Mat-forming perennial growing to a height of 2 ft (60 cm). Has toothed elliptical leaves and spikes of pink or white flowers.
Habitat & Cultivation
Betony grows throughout most of Europe, and occurs in Asia as far east as the Caucasus, where it is found in meadows, heathland, and hilly areas. The aerial parts are collected when the plant is in flower during early summer.
Betony contains alkaloids (including stachydrine and betonicine), as well as phenolic compounds, betaine, choline, and tannins.
History & Folklore
Betony has been regarded as a panacea since classical times, even attributed with the ability to ward off evil spirits. Antonius Musa, physician to Emperor Augustus (63 BCE–14 CE), claimed that betony would cure 47 different illnesses. The herb has always been particularly valued as a remedy for headaches.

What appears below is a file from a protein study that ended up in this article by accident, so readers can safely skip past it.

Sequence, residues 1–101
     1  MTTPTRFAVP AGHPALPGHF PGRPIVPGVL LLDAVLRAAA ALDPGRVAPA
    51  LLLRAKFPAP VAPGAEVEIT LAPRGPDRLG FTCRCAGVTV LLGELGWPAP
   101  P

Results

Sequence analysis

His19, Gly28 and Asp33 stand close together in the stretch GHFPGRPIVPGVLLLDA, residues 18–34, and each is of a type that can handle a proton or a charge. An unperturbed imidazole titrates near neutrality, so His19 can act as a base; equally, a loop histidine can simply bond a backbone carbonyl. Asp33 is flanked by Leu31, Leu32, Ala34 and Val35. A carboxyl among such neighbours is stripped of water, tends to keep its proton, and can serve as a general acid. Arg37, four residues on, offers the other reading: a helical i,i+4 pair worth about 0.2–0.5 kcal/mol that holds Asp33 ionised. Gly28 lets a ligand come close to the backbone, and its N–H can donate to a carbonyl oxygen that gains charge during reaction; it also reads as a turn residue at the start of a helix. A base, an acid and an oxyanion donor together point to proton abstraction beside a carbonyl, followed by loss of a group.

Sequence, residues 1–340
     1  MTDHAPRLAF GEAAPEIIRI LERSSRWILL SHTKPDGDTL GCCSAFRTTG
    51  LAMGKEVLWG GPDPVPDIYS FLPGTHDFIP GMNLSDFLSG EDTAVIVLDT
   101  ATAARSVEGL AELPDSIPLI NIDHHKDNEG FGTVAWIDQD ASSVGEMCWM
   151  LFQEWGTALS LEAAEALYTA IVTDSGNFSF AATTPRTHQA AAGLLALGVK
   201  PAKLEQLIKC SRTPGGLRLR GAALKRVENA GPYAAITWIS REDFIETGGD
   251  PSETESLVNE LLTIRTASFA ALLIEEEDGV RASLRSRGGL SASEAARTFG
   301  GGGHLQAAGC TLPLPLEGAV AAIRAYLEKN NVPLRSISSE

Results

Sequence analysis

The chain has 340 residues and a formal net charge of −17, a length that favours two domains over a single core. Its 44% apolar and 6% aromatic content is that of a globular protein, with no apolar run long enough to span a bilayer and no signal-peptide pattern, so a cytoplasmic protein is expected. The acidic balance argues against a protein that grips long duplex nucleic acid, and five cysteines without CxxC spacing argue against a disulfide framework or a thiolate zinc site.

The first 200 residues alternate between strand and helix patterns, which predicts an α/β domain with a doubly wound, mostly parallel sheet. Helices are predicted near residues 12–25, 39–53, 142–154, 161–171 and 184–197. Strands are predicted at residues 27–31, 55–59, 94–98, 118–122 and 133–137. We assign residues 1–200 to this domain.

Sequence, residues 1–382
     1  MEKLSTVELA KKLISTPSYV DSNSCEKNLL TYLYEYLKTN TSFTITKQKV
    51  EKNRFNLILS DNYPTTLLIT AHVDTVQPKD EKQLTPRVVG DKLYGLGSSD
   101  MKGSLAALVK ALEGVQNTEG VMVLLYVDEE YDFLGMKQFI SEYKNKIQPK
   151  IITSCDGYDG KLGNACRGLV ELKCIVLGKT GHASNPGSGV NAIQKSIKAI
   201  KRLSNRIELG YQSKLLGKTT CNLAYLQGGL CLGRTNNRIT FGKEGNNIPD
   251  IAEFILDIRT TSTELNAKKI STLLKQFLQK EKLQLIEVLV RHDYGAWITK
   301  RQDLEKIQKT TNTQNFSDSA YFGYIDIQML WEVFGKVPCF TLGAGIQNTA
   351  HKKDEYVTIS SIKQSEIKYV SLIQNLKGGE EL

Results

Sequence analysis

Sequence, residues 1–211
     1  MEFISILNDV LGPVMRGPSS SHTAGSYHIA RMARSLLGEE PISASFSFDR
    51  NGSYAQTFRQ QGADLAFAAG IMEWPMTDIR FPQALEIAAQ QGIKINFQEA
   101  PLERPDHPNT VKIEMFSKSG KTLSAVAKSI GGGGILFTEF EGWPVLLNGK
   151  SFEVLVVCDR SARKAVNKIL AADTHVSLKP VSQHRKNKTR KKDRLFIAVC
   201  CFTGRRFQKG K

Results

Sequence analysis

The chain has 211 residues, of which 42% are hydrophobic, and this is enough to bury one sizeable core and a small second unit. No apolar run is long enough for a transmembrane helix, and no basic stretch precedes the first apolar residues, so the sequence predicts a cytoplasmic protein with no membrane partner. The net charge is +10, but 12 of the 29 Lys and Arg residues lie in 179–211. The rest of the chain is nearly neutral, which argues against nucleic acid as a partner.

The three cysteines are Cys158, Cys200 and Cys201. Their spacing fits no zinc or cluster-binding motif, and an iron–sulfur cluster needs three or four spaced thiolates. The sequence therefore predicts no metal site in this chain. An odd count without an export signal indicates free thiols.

Medicinal Actions & Uses
No longer regarded as a panacea, betony nevertheless has real value as a remedy for headaches and facial pain. The plant is also mildly sedative, relieving nervous stress and tension. In British herbal medicine, betony is thought to improve nervous function and to counter overactivity. It is taken to treat “frayed nerves,” premenstrual complaints, poor memory, and tension.
The plant has astringent properties, and in combination with other herbs, such as comfrey (Symphytum officinale) and linden flowers (Tilia species), it is effective against sinus headaches and congestion. Betony may be taken alone or with yarrow (Achillea millefolium) to help staunch nosebleeds. Betony is also mildly bitter. It stimulates the digestive system and the liver, and has an overall tonic effect on the body.
Do not take betony if you are pregnant.